The beginning : Oceanography was still an amateur science when the HMS Challenger (left) set sail in December 1872. She returned in May 1876 with vast information that laid the solid foundation of oceanography. The first discovery of Polymetallic nodules also begins with this historic voyage of Challenger; on the 7th March 1873 the dredge hauled up on its deck ‘several peculiar black oval bodies which were composed of almost pure manganese oxide’. In 1965, J.L. Mero studied the economic possibilities of manganese nodules mining and predicted that the manganese nodule mining should be a sound business proposition in about 20 years.
A conference “Ferromanganese deposits on the Ocean Floor”, was organized at the Lamont – Doherty Geological Observatory in January 1972, sponsored by International Decade of Ocean Exploration that gave a considerable stimulus to the development of an incipient nodule mining industry. Subsequently, it was discovered that these nodules cover vast areas of the ocean floor and are more abundant in areas off the west coast of Mexico, known as Clarion-Clipperton fracture zone (CCZ), in the Central Indian Ocean Basin (CIOB) and in the Peru basin.
Genesis : They are composed mainly of Mn, Fe, Silicates and hydroxides, however, it is the trace metal contents such as Ni, Cu, Co, and Mo and Rare Earth Elements (REE) that are attracting interests to mine these deposits to meet the growing demand for these metals. The nodules vary in size from micro-nodules to about 20 cm, the common size being two to eight centimeters. They occur abundantly as 2 D deposits at the unconsolidated sediment-water interface, and sometime scantly buried in sediments at different layers. They occur in different sedimentary environments, in shallow waters, in lakes, however, the deposits of economic importance occur mostly at four to six thousand meters depths in areas of extremely low sedimentation rate. Nodules require a nucleus to start forming. This nucleus could be anything, varying from a piece of pumice, a shark tooth, old nodule piece, basalt debris or even microfossils like radiolaria and foraminifera. The enrichment of metals around the nucleus is either hydrogenetically by the precipitation of metals from the seawater or through release from the interstitial spaces between the underlying sediments, by early digenetic process or by a combination of both. Nodules from the topographically smooth areas of abyssal plane with an abundance of > 5 kg/m2and a combined > 2% grade (Cu, Ni and Co) form a sound economic proposition. Thy are found in about a dozen morphological types, such as spheroidal to discoïdal.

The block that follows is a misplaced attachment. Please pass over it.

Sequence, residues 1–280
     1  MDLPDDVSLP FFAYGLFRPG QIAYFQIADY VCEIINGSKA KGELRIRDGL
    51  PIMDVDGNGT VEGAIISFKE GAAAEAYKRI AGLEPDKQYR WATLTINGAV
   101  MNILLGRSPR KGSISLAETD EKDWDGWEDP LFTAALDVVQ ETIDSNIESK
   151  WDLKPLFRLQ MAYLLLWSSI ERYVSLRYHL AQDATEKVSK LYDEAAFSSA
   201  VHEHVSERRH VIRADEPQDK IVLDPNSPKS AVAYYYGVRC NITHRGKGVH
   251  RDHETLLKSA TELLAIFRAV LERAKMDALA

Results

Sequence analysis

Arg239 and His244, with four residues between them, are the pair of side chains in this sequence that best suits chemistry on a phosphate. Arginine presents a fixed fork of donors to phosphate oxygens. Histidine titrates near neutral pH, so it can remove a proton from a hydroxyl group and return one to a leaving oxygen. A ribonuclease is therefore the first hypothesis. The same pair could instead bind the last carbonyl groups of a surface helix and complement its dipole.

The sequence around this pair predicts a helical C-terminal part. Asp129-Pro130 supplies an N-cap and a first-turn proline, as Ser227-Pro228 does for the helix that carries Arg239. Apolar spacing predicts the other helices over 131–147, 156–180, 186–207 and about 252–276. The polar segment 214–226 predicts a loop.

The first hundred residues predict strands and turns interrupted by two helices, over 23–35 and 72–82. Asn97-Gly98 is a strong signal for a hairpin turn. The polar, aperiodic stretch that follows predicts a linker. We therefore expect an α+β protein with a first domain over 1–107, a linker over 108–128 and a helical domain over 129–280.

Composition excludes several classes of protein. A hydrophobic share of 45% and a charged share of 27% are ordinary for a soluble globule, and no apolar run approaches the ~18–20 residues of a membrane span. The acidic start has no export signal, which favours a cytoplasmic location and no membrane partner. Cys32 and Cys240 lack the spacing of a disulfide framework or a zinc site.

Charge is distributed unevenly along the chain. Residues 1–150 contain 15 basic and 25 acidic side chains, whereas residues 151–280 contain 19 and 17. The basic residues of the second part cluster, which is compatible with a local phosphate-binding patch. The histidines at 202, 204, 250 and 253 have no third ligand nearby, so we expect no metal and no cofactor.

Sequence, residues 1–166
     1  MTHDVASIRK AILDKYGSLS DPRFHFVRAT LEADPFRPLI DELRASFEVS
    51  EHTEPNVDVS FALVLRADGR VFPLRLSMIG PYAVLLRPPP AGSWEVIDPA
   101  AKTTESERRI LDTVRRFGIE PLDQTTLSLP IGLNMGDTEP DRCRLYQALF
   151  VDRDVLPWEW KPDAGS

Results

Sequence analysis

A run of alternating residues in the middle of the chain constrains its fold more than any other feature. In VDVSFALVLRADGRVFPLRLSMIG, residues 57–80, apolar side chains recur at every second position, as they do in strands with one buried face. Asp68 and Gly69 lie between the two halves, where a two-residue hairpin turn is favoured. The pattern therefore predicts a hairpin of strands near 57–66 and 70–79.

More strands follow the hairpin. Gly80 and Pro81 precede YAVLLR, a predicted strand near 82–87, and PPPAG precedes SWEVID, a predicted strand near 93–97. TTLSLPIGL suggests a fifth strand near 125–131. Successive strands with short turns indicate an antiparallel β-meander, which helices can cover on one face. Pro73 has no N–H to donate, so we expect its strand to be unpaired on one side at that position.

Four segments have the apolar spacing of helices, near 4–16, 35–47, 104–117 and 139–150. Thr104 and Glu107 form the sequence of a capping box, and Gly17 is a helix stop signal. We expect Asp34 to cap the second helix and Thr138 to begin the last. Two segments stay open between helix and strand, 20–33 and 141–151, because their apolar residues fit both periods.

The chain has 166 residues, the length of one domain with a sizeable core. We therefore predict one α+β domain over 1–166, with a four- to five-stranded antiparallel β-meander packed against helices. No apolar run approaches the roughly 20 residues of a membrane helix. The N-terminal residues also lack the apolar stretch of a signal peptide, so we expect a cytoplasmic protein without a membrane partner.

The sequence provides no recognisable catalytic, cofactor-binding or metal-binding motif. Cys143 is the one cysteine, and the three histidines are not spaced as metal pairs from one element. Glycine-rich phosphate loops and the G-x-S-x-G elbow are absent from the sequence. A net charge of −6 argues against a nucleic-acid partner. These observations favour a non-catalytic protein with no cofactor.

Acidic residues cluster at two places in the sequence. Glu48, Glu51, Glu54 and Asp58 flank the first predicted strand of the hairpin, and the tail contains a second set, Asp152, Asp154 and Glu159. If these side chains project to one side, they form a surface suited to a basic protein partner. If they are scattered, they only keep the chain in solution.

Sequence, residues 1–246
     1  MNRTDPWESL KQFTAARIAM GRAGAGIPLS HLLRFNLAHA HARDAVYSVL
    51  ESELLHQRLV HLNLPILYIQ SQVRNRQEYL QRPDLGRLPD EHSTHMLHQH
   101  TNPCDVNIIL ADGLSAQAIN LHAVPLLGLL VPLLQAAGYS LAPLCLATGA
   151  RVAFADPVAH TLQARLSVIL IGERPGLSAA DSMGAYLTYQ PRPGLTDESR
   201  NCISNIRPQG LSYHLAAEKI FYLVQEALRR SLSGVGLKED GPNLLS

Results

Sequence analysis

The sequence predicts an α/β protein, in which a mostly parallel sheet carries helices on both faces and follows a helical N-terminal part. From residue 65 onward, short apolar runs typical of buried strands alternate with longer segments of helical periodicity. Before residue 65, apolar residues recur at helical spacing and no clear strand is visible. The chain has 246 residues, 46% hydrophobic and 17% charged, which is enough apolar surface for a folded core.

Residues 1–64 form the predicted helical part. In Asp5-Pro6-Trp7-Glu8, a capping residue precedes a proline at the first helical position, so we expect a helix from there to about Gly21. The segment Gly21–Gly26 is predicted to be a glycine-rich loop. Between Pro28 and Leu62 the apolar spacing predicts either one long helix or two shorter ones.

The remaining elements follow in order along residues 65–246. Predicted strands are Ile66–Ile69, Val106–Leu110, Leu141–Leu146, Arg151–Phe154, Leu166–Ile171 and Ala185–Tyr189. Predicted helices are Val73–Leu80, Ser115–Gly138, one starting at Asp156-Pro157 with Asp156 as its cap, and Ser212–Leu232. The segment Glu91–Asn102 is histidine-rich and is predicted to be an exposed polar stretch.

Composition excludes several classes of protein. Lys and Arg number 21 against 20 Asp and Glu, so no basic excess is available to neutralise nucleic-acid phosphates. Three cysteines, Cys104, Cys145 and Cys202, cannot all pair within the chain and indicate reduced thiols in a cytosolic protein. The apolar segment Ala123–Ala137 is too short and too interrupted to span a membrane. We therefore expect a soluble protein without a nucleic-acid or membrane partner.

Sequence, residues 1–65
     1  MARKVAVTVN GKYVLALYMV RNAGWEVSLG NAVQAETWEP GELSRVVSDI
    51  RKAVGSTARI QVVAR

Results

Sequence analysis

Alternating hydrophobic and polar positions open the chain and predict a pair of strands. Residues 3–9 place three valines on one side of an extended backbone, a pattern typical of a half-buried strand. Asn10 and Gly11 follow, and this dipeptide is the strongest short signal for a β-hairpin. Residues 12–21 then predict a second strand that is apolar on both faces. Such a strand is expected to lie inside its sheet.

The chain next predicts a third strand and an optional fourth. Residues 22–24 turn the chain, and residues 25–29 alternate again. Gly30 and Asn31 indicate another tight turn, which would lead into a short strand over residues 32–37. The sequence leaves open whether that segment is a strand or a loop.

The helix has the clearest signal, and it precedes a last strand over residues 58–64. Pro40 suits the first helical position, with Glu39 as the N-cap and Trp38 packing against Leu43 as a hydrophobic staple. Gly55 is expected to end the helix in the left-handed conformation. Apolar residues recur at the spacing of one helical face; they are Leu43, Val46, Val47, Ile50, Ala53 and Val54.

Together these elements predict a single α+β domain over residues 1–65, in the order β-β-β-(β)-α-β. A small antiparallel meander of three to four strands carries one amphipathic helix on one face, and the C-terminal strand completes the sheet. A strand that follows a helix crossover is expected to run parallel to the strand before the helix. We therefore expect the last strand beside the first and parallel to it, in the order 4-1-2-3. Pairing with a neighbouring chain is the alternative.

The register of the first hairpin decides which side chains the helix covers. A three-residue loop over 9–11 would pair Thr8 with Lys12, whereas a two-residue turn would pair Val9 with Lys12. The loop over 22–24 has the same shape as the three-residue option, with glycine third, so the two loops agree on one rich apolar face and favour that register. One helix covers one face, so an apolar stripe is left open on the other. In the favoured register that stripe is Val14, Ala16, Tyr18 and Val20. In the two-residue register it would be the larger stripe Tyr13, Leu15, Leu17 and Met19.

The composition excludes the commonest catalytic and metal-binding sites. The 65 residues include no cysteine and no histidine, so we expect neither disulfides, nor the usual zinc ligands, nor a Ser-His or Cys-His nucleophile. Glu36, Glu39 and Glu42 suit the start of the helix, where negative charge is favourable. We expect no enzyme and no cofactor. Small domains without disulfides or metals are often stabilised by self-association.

Present Scenario : Polymetallic nodules are no longer the domain for marine geologists and chemists, as policy makers, lawyers, entrepreneurs, engineers and investors also have become involved in their occurrences in areas beyond the national jurisdiction in common heritage of mankind, regulated by the International seabed authority (ISA).Following the adoption of the Regulations on Prospecting and Exploration for polymetallic nodules in the Area, in July 2000, the ISA has entered into exploration contracts with seven entities from 2001-06, and with five others after 2011. These entities are engaged in assessing the resources in their respective license areas allocated by the ISA, besides studying the technologies for metal extraction and mining these deposits, they are also engaged in the environmental impact assessments prior to getting clearance for mining.